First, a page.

Theory & Psychology routinely publishes special issues on a range of contents that are edited by Guest Editors (for recent special issues please see our contents pages).  We welcome suggestions for special issues and have made it a priority to work with Guest Editors from a broad range of theoretical positions. 

Most special issues are proposed to the editors, occasionally we will solicit a special issue on some topic we feel ought to be covered in our pages.  Occasionally it has happened that a special issue has been put together simply by combining regularly submitted papers to the journal (e.g., see the special issues on social constructionism, Vol. 11, no. 3, June 2001 ) but this is rare.  There are a number of important steps you must follow in putting together a special issue.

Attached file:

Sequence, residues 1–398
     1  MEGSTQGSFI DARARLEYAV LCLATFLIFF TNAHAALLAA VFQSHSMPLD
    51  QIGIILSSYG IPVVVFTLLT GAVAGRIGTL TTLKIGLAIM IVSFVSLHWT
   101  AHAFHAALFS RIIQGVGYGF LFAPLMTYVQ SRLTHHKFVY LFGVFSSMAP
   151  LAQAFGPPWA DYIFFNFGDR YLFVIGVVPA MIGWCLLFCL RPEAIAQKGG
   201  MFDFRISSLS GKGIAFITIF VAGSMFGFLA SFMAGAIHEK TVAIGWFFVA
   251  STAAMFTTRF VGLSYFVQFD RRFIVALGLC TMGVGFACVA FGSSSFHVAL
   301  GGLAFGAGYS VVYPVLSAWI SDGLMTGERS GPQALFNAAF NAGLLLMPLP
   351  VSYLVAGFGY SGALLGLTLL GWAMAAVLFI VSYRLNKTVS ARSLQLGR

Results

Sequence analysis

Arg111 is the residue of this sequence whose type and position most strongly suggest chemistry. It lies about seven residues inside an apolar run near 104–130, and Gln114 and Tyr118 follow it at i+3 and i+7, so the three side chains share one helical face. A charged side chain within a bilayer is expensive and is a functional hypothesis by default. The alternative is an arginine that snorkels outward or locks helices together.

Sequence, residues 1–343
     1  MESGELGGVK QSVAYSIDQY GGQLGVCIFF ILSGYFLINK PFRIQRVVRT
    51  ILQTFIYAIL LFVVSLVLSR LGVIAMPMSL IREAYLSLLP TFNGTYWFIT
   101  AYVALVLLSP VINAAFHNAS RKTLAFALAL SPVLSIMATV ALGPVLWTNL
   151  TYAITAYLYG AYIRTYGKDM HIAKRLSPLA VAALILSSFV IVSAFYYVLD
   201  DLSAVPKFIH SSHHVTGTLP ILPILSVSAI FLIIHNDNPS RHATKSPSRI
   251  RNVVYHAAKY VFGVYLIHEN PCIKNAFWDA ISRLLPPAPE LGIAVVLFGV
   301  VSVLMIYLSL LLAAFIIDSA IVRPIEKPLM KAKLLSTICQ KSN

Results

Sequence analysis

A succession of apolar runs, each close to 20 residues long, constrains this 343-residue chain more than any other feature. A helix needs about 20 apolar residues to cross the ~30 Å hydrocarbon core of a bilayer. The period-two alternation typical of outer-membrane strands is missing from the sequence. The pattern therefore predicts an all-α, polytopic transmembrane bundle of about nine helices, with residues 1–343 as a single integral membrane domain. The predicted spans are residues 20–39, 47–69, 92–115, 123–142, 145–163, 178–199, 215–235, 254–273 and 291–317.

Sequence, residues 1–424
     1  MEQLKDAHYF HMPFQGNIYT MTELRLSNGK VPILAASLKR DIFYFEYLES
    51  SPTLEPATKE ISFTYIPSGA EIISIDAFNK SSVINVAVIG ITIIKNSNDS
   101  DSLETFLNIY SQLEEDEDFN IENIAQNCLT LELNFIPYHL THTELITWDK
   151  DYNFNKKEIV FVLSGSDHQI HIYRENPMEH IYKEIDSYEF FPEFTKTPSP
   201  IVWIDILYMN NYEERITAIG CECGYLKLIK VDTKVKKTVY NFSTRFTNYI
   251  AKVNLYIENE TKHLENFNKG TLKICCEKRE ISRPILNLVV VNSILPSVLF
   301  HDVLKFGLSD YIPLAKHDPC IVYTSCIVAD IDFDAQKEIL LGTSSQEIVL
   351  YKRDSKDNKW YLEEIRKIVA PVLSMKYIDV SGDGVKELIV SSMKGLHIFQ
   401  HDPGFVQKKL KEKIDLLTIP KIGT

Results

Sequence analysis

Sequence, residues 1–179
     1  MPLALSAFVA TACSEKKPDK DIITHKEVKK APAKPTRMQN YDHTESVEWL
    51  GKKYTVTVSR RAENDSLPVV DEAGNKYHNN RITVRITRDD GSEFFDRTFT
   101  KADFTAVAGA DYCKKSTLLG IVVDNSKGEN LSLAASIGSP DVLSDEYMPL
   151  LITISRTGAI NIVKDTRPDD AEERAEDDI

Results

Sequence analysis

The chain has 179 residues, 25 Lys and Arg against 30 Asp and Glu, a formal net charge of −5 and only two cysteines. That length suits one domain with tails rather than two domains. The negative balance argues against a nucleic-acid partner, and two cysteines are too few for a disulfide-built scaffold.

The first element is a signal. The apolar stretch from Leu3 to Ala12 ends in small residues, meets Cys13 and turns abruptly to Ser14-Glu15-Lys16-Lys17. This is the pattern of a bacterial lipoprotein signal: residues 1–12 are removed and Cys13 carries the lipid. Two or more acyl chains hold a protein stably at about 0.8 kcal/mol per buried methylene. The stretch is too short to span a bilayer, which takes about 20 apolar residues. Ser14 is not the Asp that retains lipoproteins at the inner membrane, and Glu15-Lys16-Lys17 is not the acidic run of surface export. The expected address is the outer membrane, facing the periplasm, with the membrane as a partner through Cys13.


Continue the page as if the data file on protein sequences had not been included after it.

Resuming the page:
Please note that these instructions also apply to Special Sections of an issue.  Special sections are published when there are insufficient papers to fill an entire journal issue but three to five sufficiently similar papers on a topic that have been guest edited that can fill most of a single issue of the journal.  (See for example, the special section on "Explanatory Pluralism" in Vol. 11, no. 6, December 2001 ).

1.  The Proposal: